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Open Access Articles- Top Results for Noah Rubin (tennis)

Noah Rubin (tennis)

Noah Rubin
280px
Country 23x15px United States
Residence Rockville Centre, New York
Born (1996-02-21) February 21, 1996 (age 20)
Rockville Centre, New York
Height Script error: No such module "convert".
Plays Right-handed (two-handed backhand)
College Wake Forest University
Coach(es) Lawrence Kleger & Eric Rubin
Prize money $60,263
Singles
Career record 0–1
Career titles 0
Highest ranking No. 532 (July 14, 2014)
Current ranking No. 562 (November 17, 2014)
Grand Slam Singles results
US Open 1R (2014)
Doubles
Career record 0–0
Career titles 0
Highest ranking No. 1381 (November 17, 2014)
Current ranking No. 1381 (November 17, 2014)
Grand Slam Doubles results
US Open 1R (2014)
Last updated on: November 22, 2014.

Noah Rubin (born February 21, 1996 in New York) is an American tennis player.

Rubin won the Boy's Singles tournament at Wimbledon in July 2014. The following month he won the 2014 U.S. Tennis Association’s Boys 18s National Championships in both singles and doubles.

Early life

Rubin is Jewish, and his bar mitzvah had a tennis theme.[1][2] He attended religious school and celebrated his bar mitzvah at the Merrick Jewish Center (a Conservative synagogue), and collected tennis rackets to donate to the Israel Tennis Centers for his “mitzvah project.”[3][4] He said: "I want people to know I’m Jewish and I like to represent the Jewish people."[3]

His father Eric Rubin played junior tennis and was the number 1 player on the Martin Van Buren High School tennis team in Queens, and coaches him (along with Lawrence Kleger) and works as a banker, and his mother Melanie is an educator.[5][2][6][4][7] His older sister Jessie played on and was captain of the State University of New York at Binghamton tennis team, and now works for VH-1.[5][8]

He has lived in Rockville Centre and Merrick, New York.[5][9] He attended Levy-Lakeside Elementary School and Merrick Avenue Middle School, and then went to John F. Kennedy High School in Bellmore, Long Island for one year, after which he studied via an online program at the Laurel Springs School, graduating in 2014.[4][10][11]

College

Rubin is attending and playing tennis for Wake Forest University in North Carolina, where part of his schedule will be to play pro events.[3][12] His scholarship there allows him, after he completes one year, to leave the university and then come back at any time to complete a degree.[12] In September 2014, Rubin was ranked the No. 1 Division 1 college freshman by the Intercollegiate Tennis Association (ITA).[13][14]

Tennis career

Juniors

Rubin plays for the John McEnroe Tennis Academy on Randalls Island in the borough of Manhattan.

By the age of seven, Rubin was competing in 12-and-under events, and by the age of 11, he had won international events in his age-group.[7] In 2010, competing in Les Petits As in Tarbes, France, the most prestigious Boys 14-and-Under tournament in the world, he made it to the finals before losing.[15] John McEnroe called Rubin “the most talented player we’ve come across” at McEnroe's academy in 2011, when Rubin was 15.[16] He won the Copa Del Café, a Junior International Tennis Federation tournament in Costa Rica, in 2012.[2][17]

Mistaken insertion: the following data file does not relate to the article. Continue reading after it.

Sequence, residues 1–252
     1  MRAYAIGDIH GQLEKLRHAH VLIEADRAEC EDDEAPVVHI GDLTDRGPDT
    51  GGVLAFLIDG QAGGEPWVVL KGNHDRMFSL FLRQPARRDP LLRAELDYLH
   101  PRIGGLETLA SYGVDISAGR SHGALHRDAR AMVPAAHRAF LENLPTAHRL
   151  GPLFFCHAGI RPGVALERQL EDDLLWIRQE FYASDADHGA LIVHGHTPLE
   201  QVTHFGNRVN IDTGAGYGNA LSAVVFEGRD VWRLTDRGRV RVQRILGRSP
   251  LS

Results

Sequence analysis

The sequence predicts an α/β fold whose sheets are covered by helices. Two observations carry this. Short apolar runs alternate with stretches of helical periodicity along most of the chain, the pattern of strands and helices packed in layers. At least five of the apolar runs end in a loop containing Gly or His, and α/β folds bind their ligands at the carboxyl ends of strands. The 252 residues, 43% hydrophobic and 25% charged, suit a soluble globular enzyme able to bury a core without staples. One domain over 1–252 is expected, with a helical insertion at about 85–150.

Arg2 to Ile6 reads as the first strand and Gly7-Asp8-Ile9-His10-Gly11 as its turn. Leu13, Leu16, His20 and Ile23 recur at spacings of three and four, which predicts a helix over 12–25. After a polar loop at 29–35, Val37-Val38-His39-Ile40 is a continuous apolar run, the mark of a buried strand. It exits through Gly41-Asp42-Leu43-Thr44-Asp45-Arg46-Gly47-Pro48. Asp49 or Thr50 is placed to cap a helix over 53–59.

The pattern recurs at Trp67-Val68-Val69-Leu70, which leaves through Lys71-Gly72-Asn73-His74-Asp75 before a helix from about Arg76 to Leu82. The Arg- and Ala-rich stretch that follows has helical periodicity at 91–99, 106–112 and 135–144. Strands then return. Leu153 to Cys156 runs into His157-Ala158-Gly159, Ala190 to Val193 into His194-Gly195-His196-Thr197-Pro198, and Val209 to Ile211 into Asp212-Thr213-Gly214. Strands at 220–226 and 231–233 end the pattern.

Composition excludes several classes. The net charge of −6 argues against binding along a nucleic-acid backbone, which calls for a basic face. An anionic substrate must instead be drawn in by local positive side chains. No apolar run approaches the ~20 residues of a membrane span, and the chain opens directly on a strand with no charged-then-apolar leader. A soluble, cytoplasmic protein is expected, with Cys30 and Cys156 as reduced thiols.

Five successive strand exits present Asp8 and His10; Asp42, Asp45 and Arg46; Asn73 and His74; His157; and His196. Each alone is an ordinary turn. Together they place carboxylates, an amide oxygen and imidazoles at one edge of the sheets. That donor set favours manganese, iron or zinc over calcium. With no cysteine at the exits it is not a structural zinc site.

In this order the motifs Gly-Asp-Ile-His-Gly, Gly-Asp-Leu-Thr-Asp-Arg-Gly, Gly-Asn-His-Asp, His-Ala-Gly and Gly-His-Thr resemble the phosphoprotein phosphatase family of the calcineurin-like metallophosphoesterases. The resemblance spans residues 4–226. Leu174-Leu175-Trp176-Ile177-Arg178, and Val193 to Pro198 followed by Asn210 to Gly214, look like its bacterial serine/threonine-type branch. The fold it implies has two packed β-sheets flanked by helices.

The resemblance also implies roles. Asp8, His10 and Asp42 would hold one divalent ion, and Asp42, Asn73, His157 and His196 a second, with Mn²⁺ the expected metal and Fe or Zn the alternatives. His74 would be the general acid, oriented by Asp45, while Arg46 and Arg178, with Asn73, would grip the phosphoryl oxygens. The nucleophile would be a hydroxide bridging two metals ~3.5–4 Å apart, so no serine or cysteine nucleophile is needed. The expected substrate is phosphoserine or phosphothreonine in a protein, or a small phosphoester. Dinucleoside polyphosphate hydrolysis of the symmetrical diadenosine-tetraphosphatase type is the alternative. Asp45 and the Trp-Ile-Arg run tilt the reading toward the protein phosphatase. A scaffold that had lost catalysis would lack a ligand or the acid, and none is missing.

As a junior, Rubin reached as high as No. 6 in the International Tennis Federation’s world junior ranking and No. 1 in the United States in 2014.[16]

He qualified for the Boys' Singles tournament at Wimbledon in July 2014, and won the tournament in the first all-American final there since 1977.[18] He was the first American boy to win Wimbledon since Donald Young in 2007. He had played only one other event in 2014 before Wimbledon at the French Open, where he lost in the second round.[19]

The month after hoisting the trophy at Wimbledon, Rubin played in and won the 2014 U.S. Tennis Association’s Boys 18s National Championships in both singles and doubles (with close friend Stefan Kozlov).[11] The latter success at Kalamazoo, Michigan, came with two big bonuses: US Open main-draw wild cards into the singles and doubles.

Tournament 2011 2012 2013 2014
Junior Grand Slam Tournaments
Australian Open A A A A
French Open A QF 3R 2R
Wimbledon A 1R 1R W
US Open Q2 1R 2R A

Tour Finals

Singles

Legend
Grand Slam (0)
ATP Masters Series (0)
ATP Tour (0)
Challengers (0)
ITF Futures (0–3)
Outcome No. Date Tournament Surface Opponent Score
Runner-up 1. July 28, 2013 23x15px United States F20 Hard 23x15px Michael Shabaz 3–6, 5–7
Runner-up 2. March 16, 2014 23x15px France F6 Hard (i) 23x15px David Guez 0–6, 4–6
Runner-up 3. May 25, 2014 23x15px Spain F10 Clay 23x15px Yannik Reuter 6–3, 4–6, 2–6

Doubles

Legend
Grand Slam (0)
ATP Masters Series (0)
ATP Tour (0)
Challengers (0)
ITF Futures (0–1)
Outcome No. Date Tournament Surface Partner Opponent Score
Runner-up 1. May 23, 2014 23x15px Spain F10 Clay 23x15px Stefan Kozlov 23x15px Sergio Martos Gornés
23x15px Pol Toledo Bagué
2–6, 5–7

Pro tour

Due to his victory at the prestigious 2014 Kalamazoo tournament, Rubin received a wild card into the main draw of the US Open.

Junior Grand Slam finals

Boys' Singles

Outcome Year Championship Surface Opponent Score
Winner 2014 Wimbledon Grass 23x15px Stefan Kozlov 6–4, 4–6, 6–3

Personal life

Rubin's hobbies are photography, soccer, and art.[20]

See also

References

External links

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